UPDATE 7-EU wrestles with short Brexit delay as "no deal" looms

* EU leaders conclude May has little chance of success

* April 12, or May 22, loom as next Brexit deadlines

* UK parliament divided on how, when or whether to leave (Updates on leaders' talks)

BRUSSELS, March 21 (Reuters) - British Prime Minister Theresa May failed to reassure European Union leaders on Thursday that she can secure a deal at home next week on an orderly Brexit, diplomats said, prompting frantic talks on how to ease Britain out without a deal.

As seven hours of talks on Brexit ended, European Council President Donald Tusk tweeted that the other 27 leaders had agreed unanimously on their response to Britain's requests.

With just a week left until Britain is due to quit the bloc, leaders scrapped planned talks on Chinese trade and plunged into six hours of talks through the evening on setting new deadlines that would avoid Britain crashing out of the block next Friday -- but also avoid prolonging uncertainty.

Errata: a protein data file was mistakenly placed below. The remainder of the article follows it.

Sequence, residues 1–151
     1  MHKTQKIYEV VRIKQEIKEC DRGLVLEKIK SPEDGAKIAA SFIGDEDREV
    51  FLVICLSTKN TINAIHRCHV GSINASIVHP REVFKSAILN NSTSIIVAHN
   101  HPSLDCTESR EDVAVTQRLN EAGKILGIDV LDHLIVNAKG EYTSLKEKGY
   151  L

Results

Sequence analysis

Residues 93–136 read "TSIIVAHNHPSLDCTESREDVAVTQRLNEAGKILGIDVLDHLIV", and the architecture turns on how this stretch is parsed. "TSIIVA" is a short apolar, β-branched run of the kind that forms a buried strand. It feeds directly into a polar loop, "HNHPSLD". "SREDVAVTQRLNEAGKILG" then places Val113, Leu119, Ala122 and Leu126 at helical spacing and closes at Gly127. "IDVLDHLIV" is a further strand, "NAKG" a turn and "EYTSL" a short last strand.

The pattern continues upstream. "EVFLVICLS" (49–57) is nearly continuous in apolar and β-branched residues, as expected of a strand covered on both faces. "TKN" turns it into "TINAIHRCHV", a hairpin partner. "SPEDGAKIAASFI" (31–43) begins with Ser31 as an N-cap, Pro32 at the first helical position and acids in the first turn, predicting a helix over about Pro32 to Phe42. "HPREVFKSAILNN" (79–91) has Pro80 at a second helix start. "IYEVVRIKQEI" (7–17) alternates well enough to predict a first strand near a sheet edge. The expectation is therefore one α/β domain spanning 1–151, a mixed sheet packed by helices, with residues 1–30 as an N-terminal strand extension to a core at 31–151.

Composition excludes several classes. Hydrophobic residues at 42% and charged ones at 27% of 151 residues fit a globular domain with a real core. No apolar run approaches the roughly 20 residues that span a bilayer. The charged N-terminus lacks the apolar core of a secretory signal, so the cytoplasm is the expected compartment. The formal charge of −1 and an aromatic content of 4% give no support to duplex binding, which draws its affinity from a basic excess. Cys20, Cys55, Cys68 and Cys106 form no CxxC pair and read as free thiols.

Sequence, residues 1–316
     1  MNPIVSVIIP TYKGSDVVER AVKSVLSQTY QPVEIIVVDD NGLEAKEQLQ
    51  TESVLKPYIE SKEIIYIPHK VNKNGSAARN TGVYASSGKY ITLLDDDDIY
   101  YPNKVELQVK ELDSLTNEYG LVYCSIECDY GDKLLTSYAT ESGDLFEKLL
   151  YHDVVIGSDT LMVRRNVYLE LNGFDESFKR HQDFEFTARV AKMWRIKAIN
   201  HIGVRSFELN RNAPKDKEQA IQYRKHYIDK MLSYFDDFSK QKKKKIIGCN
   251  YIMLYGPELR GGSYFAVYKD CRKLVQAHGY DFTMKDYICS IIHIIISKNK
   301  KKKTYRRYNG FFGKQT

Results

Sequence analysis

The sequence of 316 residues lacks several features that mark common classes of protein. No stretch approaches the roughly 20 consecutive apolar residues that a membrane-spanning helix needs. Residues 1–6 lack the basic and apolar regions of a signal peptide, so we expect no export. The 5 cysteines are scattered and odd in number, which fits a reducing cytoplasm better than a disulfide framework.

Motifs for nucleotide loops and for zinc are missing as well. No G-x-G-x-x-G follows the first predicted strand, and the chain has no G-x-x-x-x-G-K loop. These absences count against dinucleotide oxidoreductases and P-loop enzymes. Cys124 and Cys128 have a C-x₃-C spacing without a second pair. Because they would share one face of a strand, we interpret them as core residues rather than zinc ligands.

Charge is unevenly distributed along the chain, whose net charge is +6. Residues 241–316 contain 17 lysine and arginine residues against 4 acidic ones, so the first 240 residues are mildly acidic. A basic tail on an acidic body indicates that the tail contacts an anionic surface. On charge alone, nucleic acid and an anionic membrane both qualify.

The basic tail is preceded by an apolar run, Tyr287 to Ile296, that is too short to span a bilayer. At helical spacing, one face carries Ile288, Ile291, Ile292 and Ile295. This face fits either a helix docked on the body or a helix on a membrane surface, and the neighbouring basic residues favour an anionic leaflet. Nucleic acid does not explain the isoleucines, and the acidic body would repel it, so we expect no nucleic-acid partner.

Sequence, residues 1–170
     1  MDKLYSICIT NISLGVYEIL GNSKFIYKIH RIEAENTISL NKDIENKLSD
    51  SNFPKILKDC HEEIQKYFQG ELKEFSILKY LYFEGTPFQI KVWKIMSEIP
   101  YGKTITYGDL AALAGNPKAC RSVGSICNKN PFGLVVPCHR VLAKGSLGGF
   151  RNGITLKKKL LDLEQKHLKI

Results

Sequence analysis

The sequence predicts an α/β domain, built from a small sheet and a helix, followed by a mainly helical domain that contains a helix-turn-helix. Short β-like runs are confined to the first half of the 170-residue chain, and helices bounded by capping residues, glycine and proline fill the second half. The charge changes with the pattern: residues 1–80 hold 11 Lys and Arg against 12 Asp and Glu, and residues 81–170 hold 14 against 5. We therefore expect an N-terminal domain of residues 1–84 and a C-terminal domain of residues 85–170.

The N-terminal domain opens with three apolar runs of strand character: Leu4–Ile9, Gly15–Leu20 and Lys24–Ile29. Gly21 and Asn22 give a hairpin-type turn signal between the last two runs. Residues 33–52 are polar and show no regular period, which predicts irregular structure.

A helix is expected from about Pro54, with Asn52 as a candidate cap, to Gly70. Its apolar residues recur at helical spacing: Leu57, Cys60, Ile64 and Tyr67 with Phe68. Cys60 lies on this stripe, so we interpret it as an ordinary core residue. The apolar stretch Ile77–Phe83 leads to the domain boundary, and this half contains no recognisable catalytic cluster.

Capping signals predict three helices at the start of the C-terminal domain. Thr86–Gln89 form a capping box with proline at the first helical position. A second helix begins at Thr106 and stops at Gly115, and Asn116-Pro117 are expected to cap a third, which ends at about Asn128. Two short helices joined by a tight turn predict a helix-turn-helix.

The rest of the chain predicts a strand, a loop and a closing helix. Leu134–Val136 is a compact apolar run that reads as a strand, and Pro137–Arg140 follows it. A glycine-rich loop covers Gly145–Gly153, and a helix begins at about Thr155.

One option could see Britain lurch out in just three weeks, on April 12, unless it overcomes deep divisions to request a long extension that will involve taking part in EU elections on May 23. Another, if May succeeds in winning backing for a deal, would see it enter a post-EU transition on May 22.

Grilled for over an hour by the other 27 leaders at a Brussels summit, May insisted she could win parliamentary backing next week for the deal that would ease Britain out on terms she agreed with the EU last year. But far from reassuring them, many concluded that she herself had little faith in overturning two previous heavy defeats by lawmakers in London.